Ultimately the attorney general ruled in favor of the county road commission, and on May 23, 1935, the Lebanon Democrat ran a response letter from Sheriff Lemons in which the sheriff said he did not recognize the authority of the county road commission to take over the feeding of inmates in the county workhouse, nor did he recognize a distinction between jail inmates and workhouse prisoners, and that any attempted assumption of control by the commission or its agents would be necessarily “resisted.”
Sheriff Lemons countered that in all of the sixteen years prior to his election, the sheriffs of the county had always fed all of the inmates as a collective group without “one word of protest” from either the county judge or the county road commission. He further challenged that nothing good could come from dissolving the month-to-month accounting of what, if anything, was actually spent on day-to-day care, maintenance, and food services for workhouse inmates.
Tensions went from bad to worse during the summer of 1935 leading to a Chancery Court complaint for injunctive relief led against Sheriff Lemons and his deputies. Among other things it was alleged that Sheriff Lemons had “stationed armed deputy sheriffs on the workhouse property, and that he continued to keep them on the premises and that they have occupied beds at the workhouse, and that the sheriff has frequently stationed himself there armed” in an effort to thwart the attempt by the commission to take over the feeding of workhouse prisoners.
On June 20, 1935, the Lebanon Democrat, reported that Chancellor J. W. Stout ruled against Sheriff Lemons, but obstinate in the face of that ruling, Sheriff Lemons took his case all the way to the Tennessee Supreme Court.
On December 19, 1935, it was reported that the Supreme Court had affirmed the Chancery Court ruling and determined that the county road commission, and not the sheriff, was rightly charged with the “feeding” of county workhouse prisoners based solely upon the Private Act of 1923.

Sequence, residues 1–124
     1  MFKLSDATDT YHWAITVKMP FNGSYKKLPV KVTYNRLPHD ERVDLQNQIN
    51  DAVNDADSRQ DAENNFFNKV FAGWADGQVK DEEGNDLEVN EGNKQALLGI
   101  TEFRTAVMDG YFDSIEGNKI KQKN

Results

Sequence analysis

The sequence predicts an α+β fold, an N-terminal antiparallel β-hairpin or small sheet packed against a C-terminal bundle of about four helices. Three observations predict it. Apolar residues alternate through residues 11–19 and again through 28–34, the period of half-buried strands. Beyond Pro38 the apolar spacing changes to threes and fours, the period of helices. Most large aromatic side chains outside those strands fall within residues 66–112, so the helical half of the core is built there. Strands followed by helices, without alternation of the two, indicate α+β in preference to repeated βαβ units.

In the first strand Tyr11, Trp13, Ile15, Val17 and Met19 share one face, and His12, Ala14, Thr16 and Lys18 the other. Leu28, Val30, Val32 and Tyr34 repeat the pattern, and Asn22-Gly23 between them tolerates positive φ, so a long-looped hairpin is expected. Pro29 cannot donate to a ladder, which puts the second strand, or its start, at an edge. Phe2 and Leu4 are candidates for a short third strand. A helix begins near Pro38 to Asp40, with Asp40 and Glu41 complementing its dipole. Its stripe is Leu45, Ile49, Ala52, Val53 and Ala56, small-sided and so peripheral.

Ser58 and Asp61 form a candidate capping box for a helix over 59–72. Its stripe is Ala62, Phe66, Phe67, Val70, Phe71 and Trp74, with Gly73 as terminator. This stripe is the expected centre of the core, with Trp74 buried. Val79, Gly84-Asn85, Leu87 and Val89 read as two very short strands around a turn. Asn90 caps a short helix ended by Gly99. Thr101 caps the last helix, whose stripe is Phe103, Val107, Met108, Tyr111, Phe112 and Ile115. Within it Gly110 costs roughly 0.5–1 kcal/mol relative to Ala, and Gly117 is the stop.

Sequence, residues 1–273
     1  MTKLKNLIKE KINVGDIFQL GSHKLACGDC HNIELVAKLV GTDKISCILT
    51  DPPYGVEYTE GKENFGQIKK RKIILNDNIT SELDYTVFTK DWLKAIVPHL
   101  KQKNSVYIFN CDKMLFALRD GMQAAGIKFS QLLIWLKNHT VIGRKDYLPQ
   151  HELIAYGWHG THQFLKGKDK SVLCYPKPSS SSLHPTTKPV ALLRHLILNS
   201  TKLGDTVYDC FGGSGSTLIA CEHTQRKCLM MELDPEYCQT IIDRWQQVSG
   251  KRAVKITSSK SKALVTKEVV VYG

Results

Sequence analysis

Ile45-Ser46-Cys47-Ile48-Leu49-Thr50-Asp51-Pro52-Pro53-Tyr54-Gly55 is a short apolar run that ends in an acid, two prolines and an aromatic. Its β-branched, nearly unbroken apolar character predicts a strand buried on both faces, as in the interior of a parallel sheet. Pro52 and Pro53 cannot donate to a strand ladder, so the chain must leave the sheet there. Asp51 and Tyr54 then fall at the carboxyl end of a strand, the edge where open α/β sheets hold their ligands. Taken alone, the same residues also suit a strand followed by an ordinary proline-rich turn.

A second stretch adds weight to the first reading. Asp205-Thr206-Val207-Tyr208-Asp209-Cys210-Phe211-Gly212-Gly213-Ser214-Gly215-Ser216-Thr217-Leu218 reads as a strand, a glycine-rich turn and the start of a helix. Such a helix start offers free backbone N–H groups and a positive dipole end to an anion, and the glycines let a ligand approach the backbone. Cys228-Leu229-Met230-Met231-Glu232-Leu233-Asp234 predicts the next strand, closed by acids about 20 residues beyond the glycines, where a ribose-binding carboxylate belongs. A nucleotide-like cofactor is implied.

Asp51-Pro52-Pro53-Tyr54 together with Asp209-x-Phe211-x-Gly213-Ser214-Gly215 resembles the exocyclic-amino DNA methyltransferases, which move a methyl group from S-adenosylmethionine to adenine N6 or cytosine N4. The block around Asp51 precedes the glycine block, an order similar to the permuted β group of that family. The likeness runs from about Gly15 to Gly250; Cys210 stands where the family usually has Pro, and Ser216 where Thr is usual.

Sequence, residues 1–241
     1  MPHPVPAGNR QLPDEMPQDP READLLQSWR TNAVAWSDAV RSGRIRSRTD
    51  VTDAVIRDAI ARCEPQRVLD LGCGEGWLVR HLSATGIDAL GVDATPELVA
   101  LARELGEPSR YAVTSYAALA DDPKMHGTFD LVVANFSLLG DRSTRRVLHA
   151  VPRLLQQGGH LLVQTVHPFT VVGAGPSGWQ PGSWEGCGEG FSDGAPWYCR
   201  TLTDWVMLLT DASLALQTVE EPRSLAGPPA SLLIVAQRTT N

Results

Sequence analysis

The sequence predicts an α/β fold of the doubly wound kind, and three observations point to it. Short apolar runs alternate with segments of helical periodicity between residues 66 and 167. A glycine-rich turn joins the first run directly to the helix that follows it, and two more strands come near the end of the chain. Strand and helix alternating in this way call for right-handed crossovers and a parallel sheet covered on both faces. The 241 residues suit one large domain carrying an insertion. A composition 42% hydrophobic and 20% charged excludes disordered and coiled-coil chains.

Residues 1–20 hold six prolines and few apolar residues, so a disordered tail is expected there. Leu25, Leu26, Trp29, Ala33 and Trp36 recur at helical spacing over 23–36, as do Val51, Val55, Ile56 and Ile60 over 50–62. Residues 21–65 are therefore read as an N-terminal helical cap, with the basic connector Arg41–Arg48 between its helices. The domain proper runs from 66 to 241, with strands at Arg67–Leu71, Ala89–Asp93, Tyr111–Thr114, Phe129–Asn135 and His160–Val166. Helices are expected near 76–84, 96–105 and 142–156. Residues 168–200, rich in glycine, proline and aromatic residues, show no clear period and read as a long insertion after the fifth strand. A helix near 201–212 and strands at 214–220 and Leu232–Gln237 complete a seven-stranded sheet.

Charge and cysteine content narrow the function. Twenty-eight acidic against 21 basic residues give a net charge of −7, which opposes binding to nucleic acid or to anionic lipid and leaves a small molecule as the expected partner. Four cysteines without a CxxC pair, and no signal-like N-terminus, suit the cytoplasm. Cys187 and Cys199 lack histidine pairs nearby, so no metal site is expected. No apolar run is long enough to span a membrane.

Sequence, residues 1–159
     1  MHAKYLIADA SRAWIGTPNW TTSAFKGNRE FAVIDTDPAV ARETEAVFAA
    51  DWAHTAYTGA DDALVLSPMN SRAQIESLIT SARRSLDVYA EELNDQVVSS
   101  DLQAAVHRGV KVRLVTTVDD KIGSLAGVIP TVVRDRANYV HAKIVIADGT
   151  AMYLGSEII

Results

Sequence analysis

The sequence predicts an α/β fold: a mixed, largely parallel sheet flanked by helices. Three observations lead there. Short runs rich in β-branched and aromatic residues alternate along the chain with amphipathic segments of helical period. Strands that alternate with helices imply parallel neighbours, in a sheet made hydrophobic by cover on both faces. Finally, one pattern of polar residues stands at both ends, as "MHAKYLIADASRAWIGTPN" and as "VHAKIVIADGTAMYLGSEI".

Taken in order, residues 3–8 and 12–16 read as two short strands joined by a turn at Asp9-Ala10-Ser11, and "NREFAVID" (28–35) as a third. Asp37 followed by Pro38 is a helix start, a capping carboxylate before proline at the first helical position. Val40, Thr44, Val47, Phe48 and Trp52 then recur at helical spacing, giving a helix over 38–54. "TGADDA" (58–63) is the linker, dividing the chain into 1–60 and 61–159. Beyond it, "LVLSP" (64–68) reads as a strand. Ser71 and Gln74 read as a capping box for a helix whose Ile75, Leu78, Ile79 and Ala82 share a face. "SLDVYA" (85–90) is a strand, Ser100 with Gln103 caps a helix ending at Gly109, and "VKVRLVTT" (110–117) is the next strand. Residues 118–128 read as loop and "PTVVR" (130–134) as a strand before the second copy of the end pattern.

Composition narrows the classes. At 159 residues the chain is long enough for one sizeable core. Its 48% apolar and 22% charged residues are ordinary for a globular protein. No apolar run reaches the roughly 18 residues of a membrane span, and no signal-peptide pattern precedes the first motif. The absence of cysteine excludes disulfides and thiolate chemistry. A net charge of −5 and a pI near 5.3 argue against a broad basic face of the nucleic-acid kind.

However, the court expressed doubt as to how the commission could “actually” feed the inmates without the oversight, cooperation, and supervision of the elected sheriff, and expressed interest as to why the Private Act of 1923 had not been followed by the road commission in the act’s previous years on the books. I was equally intrigued by the report that Sheriff Lemons was represented by Lewis S. Pope, of Pikeville, Tennessee, during the entirety of the litigation. I wondered what the draw of an attorney from East Tennessee would have been for him.
As it turns out Mr. Pope was a 1900 graduate of Vanderbilt Law School, state senator, assistant U.S. District Attorney for Eastern Tennessee, and two-time Tennessee gubernatorial candidate (1928 and 1932). In 1923, Pope was appointed by then- governor Austin Peay as the first commissioner of what would ultimately become the Tennessee Department of Correction.
Pope spent most of his career going after corruption in state government, and on March 13, 1934 (fourteen months before taking on Sheriff Lemons as a client), he was appointed as investigator of departments of state government by Governor Gordon Browning. Apparently Sheriff Lemons’ case against the local government was in keeping with Pope’s crusade against corruption, misuse, and marginalization within state and local correctional facilities.
On Thursday, March 27, 1936 Sheriff Lemons suffered a stroke after returning to his office from lunch. Chief Deputy R. L. Haralson took over following his illness, and Lemons never returned to work. He died on Sunday, August 30, 1936 at the age of forty-eight hours before the end of his term.
As a result of his death, Wilson County actually had three sheriffs in three days – Sunday (David Lemons – who remained sheriff until the time of his death), Sunday night through the following Tuesday morning (county coroner, Tal Major automatically became sheriff upon Lemons’ death), and Tuesday morning (newly elected sheriff, Perry Burnett). The article offered “probably no other county has had so rapid a turnover in chief peace officers.”
Time has a way of moving itself forward. Some stories fall away with the passage of time, while others wait to be recovered and told once more.
As a young attorney whose office sits in the shadows of the original “old” courthouse, I find a particular sense of comfort in knowing that nearly eighty years before, my great-grandfather served the people of this county, and fought for what he believed to be right and just, and I am happy to share his story…no longer living in the past.